George Couros that really struck a chord with me. In his blog, George wrote:
"Sometimes I wish that I had more great ideas. I wonder when an awesome
idea will pop into my head or I will be inspired and I can share it with
our staff and get them really excited about some new learning
that can happen in their classrooms. Lately though, it just doesn’t
seem the wheel are turning and I am starting to wonder why. I know that I
have helped to push
some great learning initiatives within our school division, but it
doesn’t seem that there have been any new ones coming from my office
For me, this hit the nail on the head. I do my best to stay current with what is going on in the educational world: I read articles each day, comment on blogs, try to collaborate with colleagues as often as I can, and put on PD sessions and attend conferences every few months. But lately, much like George has alluded to, I feel like I have 'run out' of things to share.
Several months ago, I wrote a post called "Do What Should Done THEN tell" in which I wrote about my need to provide more practical applications in my blog:
"Each day, I read countless newspaper articles, impassioned posts, and
convincing studies that shout out "we are failing children", "change the
system", or "do something different". These excellent resources are
written by talented, skilled educators who work in the system today and
clearly care deeply about students and student learning. And to this
end, I agree with all of them (or at least almost all of them) that I
have read. But then I think about Mom's comment in the Detroit Public Schools investigative report--"I know you care, now what are you doing to show
This year, I am going to focus less on TELLING people how much I care
about students, education and the need for educational reform to better
meet the needs of student and teacher learners. Instead, I am going to
focus more on DOING things to make our school and current system of
education better and then share with others."
And as much as we have been "doing things to make our school" better, I find myself feeling guilty that my blog has been relatively silent lately. That according to the metric that I quoted for my blog above, that I am not being creative and innovative enough at our school that I feel like there is something new and practical to share. Rather than blogging excitedly twice per week about the new and exciting things that we are doing at our school, I find that I am blogging once every couple of weeks, and reaching to do even that.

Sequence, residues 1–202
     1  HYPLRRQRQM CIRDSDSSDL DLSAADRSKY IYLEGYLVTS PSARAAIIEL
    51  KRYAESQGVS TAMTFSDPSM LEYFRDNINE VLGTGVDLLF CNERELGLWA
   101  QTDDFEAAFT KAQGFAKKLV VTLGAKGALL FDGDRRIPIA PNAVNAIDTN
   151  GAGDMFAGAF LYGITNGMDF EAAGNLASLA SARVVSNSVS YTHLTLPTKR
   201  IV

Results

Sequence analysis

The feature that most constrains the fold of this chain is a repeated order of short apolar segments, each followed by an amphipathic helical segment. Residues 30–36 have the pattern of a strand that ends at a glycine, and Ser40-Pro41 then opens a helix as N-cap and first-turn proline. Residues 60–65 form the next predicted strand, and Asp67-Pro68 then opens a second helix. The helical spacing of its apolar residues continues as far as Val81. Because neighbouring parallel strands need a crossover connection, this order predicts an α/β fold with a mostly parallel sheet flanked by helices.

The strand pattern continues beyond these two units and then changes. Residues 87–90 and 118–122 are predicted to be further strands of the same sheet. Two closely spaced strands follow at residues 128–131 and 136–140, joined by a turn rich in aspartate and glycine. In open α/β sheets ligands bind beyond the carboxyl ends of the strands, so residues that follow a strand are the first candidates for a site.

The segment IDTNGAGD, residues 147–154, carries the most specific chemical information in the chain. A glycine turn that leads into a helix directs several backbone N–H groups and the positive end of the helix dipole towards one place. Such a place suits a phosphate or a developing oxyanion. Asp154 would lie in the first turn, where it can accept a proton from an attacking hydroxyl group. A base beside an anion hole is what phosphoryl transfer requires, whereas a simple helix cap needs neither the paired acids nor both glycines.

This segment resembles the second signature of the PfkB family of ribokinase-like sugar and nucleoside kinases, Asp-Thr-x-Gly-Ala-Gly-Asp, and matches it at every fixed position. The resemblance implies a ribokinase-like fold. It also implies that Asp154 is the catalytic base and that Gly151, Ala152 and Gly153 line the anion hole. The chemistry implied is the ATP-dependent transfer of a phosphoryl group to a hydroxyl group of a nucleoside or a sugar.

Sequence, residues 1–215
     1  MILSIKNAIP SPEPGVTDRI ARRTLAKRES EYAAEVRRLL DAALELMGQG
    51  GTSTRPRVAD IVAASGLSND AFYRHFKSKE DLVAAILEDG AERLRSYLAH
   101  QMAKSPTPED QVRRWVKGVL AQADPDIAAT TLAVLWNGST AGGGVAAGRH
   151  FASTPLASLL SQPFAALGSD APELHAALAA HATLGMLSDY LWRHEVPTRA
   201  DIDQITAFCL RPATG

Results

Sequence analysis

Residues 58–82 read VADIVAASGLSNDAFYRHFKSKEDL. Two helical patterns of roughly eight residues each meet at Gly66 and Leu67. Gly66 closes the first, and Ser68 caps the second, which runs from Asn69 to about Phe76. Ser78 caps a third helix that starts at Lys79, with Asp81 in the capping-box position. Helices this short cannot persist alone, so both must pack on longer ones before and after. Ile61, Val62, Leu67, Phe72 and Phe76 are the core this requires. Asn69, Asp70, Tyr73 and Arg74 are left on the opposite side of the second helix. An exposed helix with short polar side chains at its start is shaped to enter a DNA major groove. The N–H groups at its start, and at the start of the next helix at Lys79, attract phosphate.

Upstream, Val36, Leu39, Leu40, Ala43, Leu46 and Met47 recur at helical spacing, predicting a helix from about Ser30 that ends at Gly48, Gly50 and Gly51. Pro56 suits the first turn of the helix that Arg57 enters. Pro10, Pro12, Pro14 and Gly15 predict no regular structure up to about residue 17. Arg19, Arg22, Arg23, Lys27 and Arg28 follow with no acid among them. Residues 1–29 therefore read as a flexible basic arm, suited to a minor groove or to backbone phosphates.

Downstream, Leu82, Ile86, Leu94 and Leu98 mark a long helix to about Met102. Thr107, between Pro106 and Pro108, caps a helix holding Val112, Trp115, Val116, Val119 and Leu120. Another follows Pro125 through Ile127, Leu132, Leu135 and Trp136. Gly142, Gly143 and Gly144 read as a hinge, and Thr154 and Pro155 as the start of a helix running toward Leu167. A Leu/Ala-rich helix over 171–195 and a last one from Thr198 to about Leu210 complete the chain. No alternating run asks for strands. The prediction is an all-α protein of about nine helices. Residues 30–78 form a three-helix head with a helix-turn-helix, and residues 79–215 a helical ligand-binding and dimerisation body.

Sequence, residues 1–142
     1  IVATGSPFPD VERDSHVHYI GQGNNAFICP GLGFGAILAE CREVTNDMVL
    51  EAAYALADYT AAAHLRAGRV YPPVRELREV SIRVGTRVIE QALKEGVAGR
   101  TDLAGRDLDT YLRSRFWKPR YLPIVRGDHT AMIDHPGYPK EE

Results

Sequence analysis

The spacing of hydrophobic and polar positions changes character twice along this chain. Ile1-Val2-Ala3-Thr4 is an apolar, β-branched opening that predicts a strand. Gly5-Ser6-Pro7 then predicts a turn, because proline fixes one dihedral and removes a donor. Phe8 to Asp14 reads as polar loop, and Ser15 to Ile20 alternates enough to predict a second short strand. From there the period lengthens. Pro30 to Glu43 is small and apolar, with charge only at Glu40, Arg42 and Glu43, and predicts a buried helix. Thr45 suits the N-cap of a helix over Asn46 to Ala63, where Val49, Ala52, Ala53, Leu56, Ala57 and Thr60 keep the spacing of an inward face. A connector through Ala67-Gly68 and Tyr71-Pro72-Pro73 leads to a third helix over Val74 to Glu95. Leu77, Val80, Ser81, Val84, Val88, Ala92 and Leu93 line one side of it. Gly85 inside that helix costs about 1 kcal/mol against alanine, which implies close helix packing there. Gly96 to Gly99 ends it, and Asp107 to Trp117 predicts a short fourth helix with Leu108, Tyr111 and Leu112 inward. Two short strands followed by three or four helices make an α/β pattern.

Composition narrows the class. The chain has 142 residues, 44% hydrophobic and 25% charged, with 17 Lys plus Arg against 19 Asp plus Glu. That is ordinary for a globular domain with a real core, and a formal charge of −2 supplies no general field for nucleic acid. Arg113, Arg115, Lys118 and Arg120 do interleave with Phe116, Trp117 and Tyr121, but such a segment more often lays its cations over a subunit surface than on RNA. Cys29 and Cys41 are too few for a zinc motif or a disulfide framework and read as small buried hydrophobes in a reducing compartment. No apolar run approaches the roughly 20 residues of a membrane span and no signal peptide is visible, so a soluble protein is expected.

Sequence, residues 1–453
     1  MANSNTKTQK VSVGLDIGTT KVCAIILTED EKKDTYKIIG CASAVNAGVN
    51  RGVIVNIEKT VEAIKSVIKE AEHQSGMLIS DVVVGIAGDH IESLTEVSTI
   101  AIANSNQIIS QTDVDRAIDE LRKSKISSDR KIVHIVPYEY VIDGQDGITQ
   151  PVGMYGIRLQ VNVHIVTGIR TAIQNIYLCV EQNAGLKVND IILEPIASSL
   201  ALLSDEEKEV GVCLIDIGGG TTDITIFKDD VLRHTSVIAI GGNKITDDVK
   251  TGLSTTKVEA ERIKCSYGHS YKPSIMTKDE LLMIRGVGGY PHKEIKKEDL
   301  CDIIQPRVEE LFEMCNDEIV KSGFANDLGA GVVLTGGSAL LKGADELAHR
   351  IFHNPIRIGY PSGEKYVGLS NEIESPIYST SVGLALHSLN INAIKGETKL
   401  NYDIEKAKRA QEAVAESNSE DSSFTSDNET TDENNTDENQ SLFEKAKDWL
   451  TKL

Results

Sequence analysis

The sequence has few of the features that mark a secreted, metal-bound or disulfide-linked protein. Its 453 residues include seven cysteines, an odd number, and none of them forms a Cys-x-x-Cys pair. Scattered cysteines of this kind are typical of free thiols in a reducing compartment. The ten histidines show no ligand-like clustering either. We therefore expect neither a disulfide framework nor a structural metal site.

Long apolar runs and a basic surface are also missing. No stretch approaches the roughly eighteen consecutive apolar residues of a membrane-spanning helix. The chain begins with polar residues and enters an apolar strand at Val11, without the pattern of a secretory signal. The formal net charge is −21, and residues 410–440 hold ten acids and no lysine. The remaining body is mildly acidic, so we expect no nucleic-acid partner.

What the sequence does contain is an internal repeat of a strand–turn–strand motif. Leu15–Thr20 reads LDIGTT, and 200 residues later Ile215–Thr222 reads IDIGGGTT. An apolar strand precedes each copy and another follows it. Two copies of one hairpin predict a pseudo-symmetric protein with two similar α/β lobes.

After beating myself up about this for quite a while, I am coming to grips with the fact that it's OK just to try to make what it is that you are doing BETTER. That everything that you do doesn't have to be new. That reflecting on what you are doing is likely not as 'glamourous' and 'share-worthy' as when you begin implementing something new and innovative. But while not as 'glamourous', reflection on what you are doing and tweaking things to make them more functional and effective in improving student and educator achievement is likely just as (if not more) important.
This year we have changed our staff meeting format and are constantly looking for ways to make staff meetings more interactive for our staff by altering our collegial conversation topic voting format. One of the topics that we will be discussing in the near future is the effective use of cell phones for learning in classrooms: some of our staff members are expressing some concerns with how they are currently being used. We sent a team to the Professional Learning Communities Summit in February to create more eyes to critically examine our collaboration and intervention strategies along with surveying our staff so that we can tweak them at our next staff meeting. We changed the format of our SMART goal template so it more accurately describes the progress that our departments are making towards their goals. Our library looks like a construction zone because we are coming close to our its being transformed into a Learning Hub. Our student wifi capacity has been increased and changed to a more 'hotel-like' feel so more students can use it. And I am hopeful that our District's application to Instructional Rounds at Harvard will be successful.
However, none of these things are particularly 'new'. Yet we continuously tinker.
I still struggle with this odd feeling of guilt for blogging less, but I hope that it is because we are reflecting more.
Do others struggle with this feeling?